Examining What Could Be Next for out-of-Favor Dolph Ziggler

Aaron Bower@@aaronbowerFeatured ColumnistNovember 13, 2013

Photo courtesy WWE.com

With the end of the year fast approaching, wrestling fans may well cast their minds back to what their highlight of the year would be. For most, the night after WrestleMania 29 in New Jersey would be a fond choice. For me, though, there is one particular segment of that night that stands out.

Dolph Ziggler's cashing in of his Money in the Bank briefcase produced an absolute thunderous roar from the crowd. Despite being a firm heel at the time, the crowd's reaction to Ziggler appearing from the back was unbelievable—and the reaction when he got the win was even greater.

Putting it in simple wrestling terms, Dolph Ziggler was over. He had a major title around his waist, and it seemed as if WWE was ready to get behind one of its hottest talents and put him up there with the best.

Fast forward seven months, and Dolph can't even get regular time on TV tapings. And when he does get regular matches, he more often than not gets beaten. Per the excellent Internet Wrestling Database, Ziggler has lost four of his last five matches on TV.

Monday seemed like a brilliant opportunity for Ziggler to move forward with his career once again. He faced Curtis Axel in a hastily arranged title match—and many were surprised when Axel continued his reign as the Intercontinental champion with a victory over Ziggler. It again raises questions about where Ziggler goes next, what he needs to do himself and what his future holds.


Alter His Image Outside of the Ring

The constant word online is that Ziggler has heat backstage with WWE officials because of the way he sounds off in interviews about the company. It presents an interesting dilemma since, per this piece with WrestleZone.com, Ziggler believes he is trying to maintain his gimmick and keep up the charade outside of the ring.

If that is the reason why Ziggler is slipping down the card, the simple thing for him to do would be to change his image in interviews and media pieces. It seems so simple that a fresh approach from Ziggler could halt this alarming slide he is on of late. Unfortunately, it seems so simple that it probably isn't true.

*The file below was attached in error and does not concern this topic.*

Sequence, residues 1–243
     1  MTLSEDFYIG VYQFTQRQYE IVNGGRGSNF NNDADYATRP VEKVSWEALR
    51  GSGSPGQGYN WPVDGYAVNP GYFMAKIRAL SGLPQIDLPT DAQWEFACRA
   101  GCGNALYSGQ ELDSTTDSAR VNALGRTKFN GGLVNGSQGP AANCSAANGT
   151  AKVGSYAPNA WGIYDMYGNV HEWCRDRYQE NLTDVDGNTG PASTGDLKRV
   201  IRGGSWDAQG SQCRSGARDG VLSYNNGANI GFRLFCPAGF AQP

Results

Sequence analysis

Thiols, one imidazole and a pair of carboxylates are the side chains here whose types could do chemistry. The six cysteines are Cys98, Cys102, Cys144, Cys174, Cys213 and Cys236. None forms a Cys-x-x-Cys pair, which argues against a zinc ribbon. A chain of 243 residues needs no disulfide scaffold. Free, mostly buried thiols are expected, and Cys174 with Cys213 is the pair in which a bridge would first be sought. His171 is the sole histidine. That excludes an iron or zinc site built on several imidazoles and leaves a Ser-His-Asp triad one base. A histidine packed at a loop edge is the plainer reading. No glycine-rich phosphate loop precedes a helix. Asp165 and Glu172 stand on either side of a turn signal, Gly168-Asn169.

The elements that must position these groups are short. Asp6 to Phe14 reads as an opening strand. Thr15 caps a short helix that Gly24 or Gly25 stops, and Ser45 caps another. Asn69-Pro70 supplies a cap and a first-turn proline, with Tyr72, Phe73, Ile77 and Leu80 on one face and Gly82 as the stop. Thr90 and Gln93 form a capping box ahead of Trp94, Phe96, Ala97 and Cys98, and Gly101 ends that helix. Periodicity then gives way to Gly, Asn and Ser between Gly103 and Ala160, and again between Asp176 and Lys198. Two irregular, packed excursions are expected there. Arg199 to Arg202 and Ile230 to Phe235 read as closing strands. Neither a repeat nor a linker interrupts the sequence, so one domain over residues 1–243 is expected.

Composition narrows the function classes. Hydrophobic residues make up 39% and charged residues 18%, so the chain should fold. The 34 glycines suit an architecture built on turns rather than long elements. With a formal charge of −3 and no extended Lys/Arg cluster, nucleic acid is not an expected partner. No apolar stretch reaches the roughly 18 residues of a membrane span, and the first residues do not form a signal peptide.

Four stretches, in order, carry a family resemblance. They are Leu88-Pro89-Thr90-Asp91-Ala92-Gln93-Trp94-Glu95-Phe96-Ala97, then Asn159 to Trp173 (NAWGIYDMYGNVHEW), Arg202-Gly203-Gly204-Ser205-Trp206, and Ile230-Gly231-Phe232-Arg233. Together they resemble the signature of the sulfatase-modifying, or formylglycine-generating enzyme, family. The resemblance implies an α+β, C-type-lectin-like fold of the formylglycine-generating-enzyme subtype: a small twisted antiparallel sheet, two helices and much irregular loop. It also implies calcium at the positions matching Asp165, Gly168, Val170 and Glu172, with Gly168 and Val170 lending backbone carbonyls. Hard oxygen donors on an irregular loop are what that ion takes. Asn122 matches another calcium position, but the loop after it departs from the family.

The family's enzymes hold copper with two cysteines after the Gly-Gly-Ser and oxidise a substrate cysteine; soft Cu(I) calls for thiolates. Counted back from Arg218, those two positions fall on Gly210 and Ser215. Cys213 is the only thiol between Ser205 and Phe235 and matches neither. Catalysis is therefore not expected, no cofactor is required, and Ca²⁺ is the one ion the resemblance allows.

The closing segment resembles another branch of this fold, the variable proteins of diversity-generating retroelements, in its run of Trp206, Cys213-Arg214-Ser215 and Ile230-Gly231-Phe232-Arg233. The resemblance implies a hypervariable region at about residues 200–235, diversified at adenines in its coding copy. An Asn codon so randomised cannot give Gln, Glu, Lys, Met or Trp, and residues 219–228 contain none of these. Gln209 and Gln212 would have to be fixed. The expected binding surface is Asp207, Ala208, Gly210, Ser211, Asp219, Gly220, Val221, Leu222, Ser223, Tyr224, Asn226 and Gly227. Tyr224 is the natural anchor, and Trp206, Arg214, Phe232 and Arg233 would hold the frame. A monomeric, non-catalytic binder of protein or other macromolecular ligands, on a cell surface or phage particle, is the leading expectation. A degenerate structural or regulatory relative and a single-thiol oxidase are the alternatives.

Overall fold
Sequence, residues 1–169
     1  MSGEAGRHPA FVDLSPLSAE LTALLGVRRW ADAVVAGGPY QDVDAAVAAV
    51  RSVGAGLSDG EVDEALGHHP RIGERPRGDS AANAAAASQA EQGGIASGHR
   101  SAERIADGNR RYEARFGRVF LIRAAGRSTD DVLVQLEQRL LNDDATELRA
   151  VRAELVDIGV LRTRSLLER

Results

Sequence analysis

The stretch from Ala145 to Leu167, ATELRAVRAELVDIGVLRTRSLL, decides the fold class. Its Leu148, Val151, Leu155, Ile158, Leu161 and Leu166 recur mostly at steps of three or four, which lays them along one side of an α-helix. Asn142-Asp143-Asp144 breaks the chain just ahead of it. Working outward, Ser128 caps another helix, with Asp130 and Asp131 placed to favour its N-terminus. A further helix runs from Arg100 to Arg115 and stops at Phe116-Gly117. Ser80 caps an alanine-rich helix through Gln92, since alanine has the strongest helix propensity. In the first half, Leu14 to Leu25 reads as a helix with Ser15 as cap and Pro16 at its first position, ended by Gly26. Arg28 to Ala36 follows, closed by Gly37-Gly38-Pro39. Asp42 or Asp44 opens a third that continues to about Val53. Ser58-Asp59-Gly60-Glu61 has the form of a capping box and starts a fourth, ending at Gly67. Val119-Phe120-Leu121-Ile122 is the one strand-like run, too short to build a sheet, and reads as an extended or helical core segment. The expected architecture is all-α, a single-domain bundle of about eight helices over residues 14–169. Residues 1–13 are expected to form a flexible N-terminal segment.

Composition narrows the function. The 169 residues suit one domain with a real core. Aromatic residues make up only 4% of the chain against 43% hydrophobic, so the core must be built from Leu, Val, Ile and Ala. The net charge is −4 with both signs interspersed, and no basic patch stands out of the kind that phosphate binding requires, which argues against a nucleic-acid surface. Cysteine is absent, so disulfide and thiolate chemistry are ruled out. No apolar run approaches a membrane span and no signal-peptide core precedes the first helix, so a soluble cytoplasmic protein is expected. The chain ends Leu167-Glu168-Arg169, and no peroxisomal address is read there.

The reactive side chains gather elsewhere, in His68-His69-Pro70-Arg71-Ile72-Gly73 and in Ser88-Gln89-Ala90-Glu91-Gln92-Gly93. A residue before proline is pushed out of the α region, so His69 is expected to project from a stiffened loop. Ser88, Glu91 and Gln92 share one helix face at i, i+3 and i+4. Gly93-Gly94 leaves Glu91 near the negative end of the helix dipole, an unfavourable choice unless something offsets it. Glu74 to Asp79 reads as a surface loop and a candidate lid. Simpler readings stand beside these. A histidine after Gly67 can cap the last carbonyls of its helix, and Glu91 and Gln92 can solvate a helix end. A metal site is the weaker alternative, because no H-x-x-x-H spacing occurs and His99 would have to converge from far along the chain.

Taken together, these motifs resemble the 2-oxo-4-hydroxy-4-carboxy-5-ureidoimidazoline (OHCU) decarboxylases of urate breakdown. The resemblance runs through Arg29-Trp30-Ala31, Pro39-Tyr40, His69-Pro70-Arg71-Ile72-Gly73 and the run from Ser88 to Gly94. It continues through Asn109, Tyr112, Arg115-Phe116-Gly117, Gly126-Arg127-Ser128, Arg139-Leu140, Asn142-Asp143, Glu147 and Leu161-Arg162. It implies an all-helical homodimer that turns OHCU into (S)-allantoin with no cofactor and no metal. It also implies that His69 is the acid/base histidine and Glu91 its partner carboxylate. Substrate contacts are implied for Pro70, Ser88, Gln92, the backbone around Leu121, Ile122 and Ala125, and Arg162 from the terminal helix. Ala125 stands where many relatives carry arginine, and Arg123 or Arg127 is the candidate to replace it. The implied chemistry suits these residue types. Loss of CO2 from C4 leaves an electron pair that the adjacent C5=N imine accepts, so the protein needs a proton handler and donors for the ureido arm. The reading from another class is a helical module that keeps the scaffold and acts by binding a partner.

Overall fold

Surely WWE wants its Superstars to maintain storyline mode and keep their gimmicks up during interviews? With Ziggler being the brash, cocky guy with attitude, it would seem silly if he did an interview and came across like the most polite guy in the world. CM Punk stuck to his storyline when he left with the WWE Championship, didn't he?


Go Back to the Original Dolph Ziggler

Let's get one thing straight: It really doesn't matter if Dolph Ziggler is operating as a face or as a heel. The crowds love him. When he cashed that briefcase in earlier this year, he was a heel, yet the crowd was going crazy for him. There is no way Ziggler would ever become a guy who people don't find interesting.

So why not go back to what got him the original push in the first place and turn him heel again? Personally, I enjoy Ziggler working as a face, but it could be best for his career if he turns.

He could even realign himself with AJ Lee—they made a fantastic couple and were arguably the power couple of the WWE. It could even set up an interesting rivalry with Ziggler's former bodyguard Big E Langston, who himself is on a major momentum roll right now.

It just seems like Ziggler's best chance of forcing his way back into the picture at the top of the card is to become the menacing heel he once was.


Create His Own Defining Moment

Granted, for this, Dolph would need some sort of freedom from creative, but bear with me. Ziggler has the mic skills to cut excellent promos, and those skills could save his career with the WWE.

The situation Ziggler is in now is not too dissimilar from the one CM Punk was in two years ago. Punk saved his WWE career with a promo that shocked the wrestling world—and it catapulted him back into the spotlight after the disaster of the second Nexus group.

Imagine if Ziggler was given an opportunity to say what he really felt, given how much heat he supposedly has backstage.

Ziggler's ring work is also to be admired. Back when he was on the road to becoming World Heavyweight champion for a second time, he was consistently pulling out brilliant matches, which is also another feather in his cap. It is another thing that could save him in the WWE. By working hard and impressing creative with solid ring work, Ziggler may not end up being a forgotten man in the company.


What do you think? Can Ziggler save his WWE career? What does he need to do to get back to the top? Join the discussion below.